This guidance has been produced by a working group of QNJAC which comprises of industry experts from varied backgrounds, the Trade Union and HSE.
This document does not consider the implications for isolation and lock-off procedures posed by systems which incorporate trapped key or captive key elements. An interlock system should not normally be used as a means of isolation, unless it has been specifically designed for the purpose, such as some trapped key systems. For this reason, care is needed, and the advice of a competent person should be sought to ensure your isolation and lock-off procedure for such systems is fit for purpose. Further guidance is available in PD 5304:2014 “Guidance on safe use of machinery” available from BSI.
The purpose of this document is to provide a structured framework to enable organisations to carry out self-audits of isolation procedures to prove their effectiveness as well as identifying weaknesses in the system that could lead to serious injury or loss of life. It can be used and adapted by any organisation operating machinery that needs to be isolated from sources of power, typically for maintenance purposes.
Serious accidents can and do occur. There have been numerous serious accidents, many resulting in fatal injury, where machinery has not been isolated from all sources of energy and has started either intentionally or unintentionally. Systems for achieving effective isolation consist of many elements including;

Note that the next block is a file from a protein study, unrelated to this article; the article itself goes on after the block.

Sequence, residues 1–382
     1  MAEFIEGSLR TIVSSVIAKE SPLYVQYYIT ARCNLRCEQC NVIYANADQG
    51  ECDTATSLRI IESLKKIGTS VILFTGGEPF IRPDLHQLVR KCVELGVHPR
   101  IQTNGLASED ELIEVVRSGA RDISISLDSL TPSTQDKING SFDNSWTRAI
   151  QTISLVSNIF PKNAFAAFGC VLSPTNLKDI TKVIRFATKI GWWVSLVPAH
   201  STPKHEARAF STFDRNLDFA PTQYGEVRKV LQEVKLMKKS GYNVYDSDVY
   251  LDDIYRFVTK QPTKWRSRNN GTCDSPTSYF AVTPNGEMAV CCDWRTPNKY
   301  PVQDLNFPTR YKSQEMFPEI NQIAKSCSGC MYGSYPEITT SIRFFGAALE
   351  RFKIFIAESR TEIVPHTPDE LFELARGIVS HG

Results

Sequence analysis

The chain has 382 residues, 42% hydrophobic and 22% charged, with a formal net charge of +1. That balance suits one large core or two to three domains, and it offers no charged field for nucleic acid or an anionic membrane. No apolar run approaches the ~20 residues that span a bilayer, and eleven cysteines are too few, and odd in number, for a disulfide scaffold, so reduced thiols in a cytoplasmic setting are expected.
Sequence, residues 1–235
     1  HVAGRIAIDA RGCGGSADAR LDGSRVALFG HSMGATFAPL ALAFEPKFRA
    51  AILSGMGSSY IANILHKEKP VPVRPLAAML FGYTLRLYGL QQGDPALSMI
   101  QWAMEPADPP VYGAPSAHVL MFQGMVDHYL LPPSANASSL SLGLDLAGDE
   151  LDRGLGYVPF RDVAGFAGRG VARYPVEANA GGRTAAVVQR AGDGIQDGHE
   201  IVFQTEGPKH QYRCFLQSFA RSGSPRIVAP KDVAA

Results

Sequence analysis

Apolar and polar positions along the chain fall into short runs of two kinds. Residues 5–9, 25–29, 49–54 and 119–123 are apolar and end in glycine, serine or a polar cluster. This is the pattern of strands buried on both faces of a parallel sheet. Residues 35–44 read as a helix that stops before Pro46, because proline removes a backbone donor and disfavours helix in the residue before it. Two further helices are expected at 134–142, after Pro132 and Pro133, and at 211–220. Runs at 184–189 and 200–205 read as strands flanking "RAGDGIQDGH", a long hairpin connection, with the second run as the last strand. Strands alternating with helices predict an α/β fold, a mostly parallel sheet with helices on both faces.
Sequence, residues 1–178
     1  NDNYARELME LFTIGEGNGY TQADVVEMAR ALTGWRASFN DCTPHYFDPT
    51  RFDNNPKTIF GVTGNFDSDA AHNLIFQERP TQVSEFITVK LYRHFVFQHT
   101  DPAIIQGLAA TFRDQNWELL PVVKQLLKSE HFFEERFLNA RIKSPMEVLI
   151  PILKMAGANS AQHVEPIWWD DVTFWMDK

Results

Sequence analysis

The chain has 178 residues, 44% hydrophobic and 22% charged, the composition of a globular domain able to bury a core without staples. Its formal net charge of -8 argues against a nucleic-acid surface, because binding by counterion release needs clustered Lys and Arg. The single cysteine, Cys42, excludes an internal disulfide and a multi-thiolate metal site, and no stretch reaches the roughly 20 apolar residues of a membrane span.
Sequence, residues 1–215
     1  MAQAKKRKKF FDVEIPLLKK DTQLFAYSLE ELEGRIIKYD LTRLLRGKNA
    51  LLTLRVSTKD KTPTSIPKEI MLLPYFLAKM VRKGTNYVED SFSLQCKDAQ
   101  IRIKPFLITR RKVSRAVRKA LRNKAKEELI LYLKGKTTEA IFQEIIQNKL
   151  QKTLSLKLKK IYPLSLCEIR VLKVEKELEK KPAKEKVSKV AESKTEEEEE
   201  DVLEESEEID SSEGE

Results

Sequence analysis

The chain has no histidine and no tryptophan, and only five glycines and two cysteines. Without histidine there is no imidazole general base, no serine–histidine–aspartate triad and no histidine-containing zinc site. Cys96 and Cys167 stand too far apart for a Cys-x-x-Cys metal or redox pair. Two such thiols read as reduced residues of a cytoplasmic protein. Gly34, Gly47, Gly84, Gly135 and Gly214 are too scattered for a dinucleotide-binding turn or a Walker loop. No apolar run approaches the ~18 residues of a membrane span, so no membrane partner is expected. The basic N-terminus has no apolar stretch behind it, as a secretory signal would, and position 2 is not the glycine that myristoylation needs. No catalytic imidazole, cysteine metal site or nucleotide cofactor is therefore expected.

- Provision of suitable means to isolate equipment and test the effectiveness of isolation that is available and clearly and unambiguously labelled
- Maintenance of equipment
- Training and competence of individuals
- On the job assessment of knowledge
- Supervision and refresher training
- Audit and review of effectiveness of control measures
All elements combine to form a safe system of work. A failure of one or more critical elements may lead to a complete failure of an isolation system and the consequences can easily be fatal. Therefore, it is essential to consider all of the individual elements that make up the system and routinely monitor their effectiveness. To help achieve that, this guidance provides a useful set of questions to ask in order to check the integrity of systems provided to ensure safe isolation including consideration of the people who work within those systems and procedures. Human error is a significant factor in many accidents involving failure to isolate correctly. A procedure in itself will not prevent an accident. Do not ignore the people who are required to make isolations or supervise the work of others that may involve isolating plant.
The findings of the audit can be recorded and used to write an action plan and a record made of the actions taken as a result of the audit. The question set can never be totally comprehensive in all circumstances, but it represents a good starting point that will be adequate in many situations.
The self-audit is not exclusive to the quarry industry. The same risks exist across a wide range of industries and the guidance therefore has a use in many industries in the mineral products sector.
The guidance is biased towards isolating electrical power simply because this is the most common source of power for machinery and equipment in the mineral products industry. However, it is important to consider all sources of energy and include them in the audit process. The questions in the self-audit do provide prompts to consider all sources of energy.